Girl seated at a table
Oil on canvas: 24(h) x 30.2(w) in / 61(h) x 76.8(w) cm
Signed and dated lower right: W Scott / 38
WILLIAM SCOTT CBE RA
Greenock 1913 - 1989 Somerset
Girl seated at a table
Signed and dated lower right: W Scott/ 38; inscribed on labels attached to the reverse
Oil on canvas: 24 x 30 ¼ in / 61 x 76.8 cm
Frame size: 31 x 37 in / 78.7 x 94 cm
Private collection, 1950
Christie’s London, 25th November 1993, lot 1;
where acquired by David Bowie (1946-2016)
Sarah Whitfield (ed.), William Scott Catalogue Raisonné of Oil Paintings, Vol. 1 1913-1951, Thames & Hudson in association with the William Scott Foundation, London, 2013, cat. no. 28, illus. p.76
‘Mary and I had the opportunity of living in France and Italy just before the war, and it was in Pont-Aven that I felt I started to discover what I needed – and then the war came.’ William Scott
William and Mary Scott had settled in Pont-Aven by June 1938, following their studies at the Royal Academy Schools and subsequent travels through Italy and France experiencing first-hand works by early Renaissance masters and the European avant-garde. Close to the south coast of Brittany, the Scotts were drawn to the former artists’ colony of Paul Gauguin and with artist Geoffrey Nelson, set up a summer art school, sponsored the following year by Augustus John, Walter Sickert, Sir Muirhead Bone and Albert Rutherstone. By the end of 1938, William had shown two works at the Salon d’Automne in Paris and had been nominated as a member.
Scott began painting Hilda Mary Lucas in 1934 shortly after they met and executed several seated portraits of her from life in 1938, the year after they married. In Girl seated at a table, previously in the private collection of David Bowie, Scott combines figure and still life painting, which would remain his chief interests, in a vibrant work of quiet monumentality. Scott depicts the sparse surroundings of the studio in low-toned soft greys enlivened by his expressive application of paint and the warm, almost orange-pink flesh tones of the figure and sun-bright flowers.
William Scott, Girl at a Blue Table, 1938
Oil on canvas: 65.9 x 81 cm
County Hall, Leicester County Council
WILLIAM SCOTT CBE RA
Greenock 1913 – 1989 Somerset
Born in Greenock, Scotland on the 15th February 1913 to an Irish father and Scottish mother, William Scott grew up in Enniskillen, a small town in Northern Ireland. He studied at Belfast College of Art from 1928-31 and at the Royal Academy Schools in London from 1931-35, first in the sculpture school then from 1934 in painting. During his education at the Royal Academy, Scott won a silver medal for sculpture, became a Landseer scholar in painting and on leaving the schools was awarded a Leverhulme Scholarship. In 1936 Scott worked for six months in Mousehole, Cornwall. The following year he married a fellow student at the Royal Academy, Mary Lucas. For the next two years William and Mary Scott travelled and lived abroad, mainly in France, Venice and Rome. William, Mary and Geoffrey Nelson ran an art school at Pont-Aven in Brittany in the summer months of 1938 and 1939, living for the rest of the year in the south at St. Tropez and Cagnes–sur-mer. In 1938 he was elected Sociétaire du Salon d’Automne, Paris. He left France in the autumn of 1939, spending a few months in Dublin before returning to London. In January 1941 he took a cottage at Hallatrow, near Bristol, where he ran a market garden and taught part-time at Bath Academy.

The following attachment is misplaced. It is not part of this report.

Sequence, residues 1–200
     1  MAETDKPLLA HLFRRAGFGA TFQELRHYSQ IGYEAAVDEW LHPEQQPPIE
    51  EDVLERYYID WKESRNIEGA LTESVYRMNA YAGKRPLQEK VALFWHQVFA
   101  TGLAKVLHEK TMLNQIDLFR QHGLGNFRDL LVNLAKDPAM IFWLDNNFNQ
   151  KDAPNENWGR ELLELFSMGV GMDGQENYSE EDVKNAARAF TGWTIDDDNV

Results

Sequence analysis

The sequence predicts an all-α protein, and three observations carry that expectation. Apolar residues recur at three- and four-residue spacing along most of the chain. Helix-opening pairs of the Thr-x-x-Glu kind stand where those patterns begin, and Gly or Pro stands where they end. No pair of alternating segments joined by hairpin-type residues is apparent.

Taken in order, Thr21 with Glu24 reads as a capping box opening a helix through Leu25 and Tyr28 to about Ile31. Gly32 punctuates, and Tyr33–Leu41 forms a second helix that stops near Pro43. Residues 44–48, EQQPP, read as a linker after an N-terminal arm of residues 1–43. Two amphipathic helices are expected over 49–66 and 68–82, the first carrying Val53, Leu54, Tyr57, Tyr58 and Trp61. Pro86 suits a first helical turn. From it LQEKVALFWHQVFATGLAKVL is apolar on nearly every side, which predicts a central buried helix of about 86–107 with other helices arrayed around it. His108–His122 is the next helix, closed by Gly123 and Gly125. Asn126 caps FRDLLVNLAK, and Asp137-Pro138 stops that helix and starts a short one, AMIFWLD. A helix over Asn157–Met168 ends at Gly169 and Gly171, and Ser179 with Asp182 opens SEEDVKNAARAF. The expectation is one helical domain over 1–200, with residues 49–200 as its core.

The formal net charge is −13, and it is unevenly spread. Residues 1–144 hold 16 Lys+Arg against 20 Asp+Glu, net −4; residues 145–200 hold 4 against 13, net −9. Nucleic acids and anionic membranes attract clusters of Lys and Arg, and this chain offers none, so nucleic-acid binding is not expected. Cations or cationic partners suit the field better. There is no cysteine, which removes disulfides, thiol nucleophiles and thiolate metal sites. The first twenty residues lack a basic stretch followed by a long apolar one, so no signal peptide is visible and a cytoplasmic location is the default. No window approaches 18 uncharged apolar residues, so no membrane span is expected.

In 1942 Scott was given his first one-man exhibition at the Leger Galley, London. The same year he volunteered for the army and served nearly four years from 1942-6 in the Royal Engineers, during which time his painting practically ceased. While in the map making section, Scott learnt the technique of lithography. In 1945 he illustrated the Soldier’s Verse, chosen by Patric Dickenson with original lithographs by W Scott.
In 1946 Scott was appointed Senior Painting Master at Bath Academy, Corsham. He was elected a member of the London Group in 1949 and in 1953, after teaching at a summer school in Canada, Scott visited New York, where he met Jackson Pollock, Willem de Kooning, Mark Rothko and Frans Kline. In 1958 a retrospective exhibition of Scott’s work was exhibited at the British Pavillion at the Venice Biennale, and he was commissioned to create a large mural for Attnagelvin Hospital, Londonderry. In 1959 he was awarded first prize in the painters section at John Moores Liverpool Exhibition. William Scott died on the 28th December 1989.
 The artist in William Scott: Paintings Drawings and Gouaches 1938-71, by Alan Bowness, exh cat, Tate Gallery, 1972, p. 67.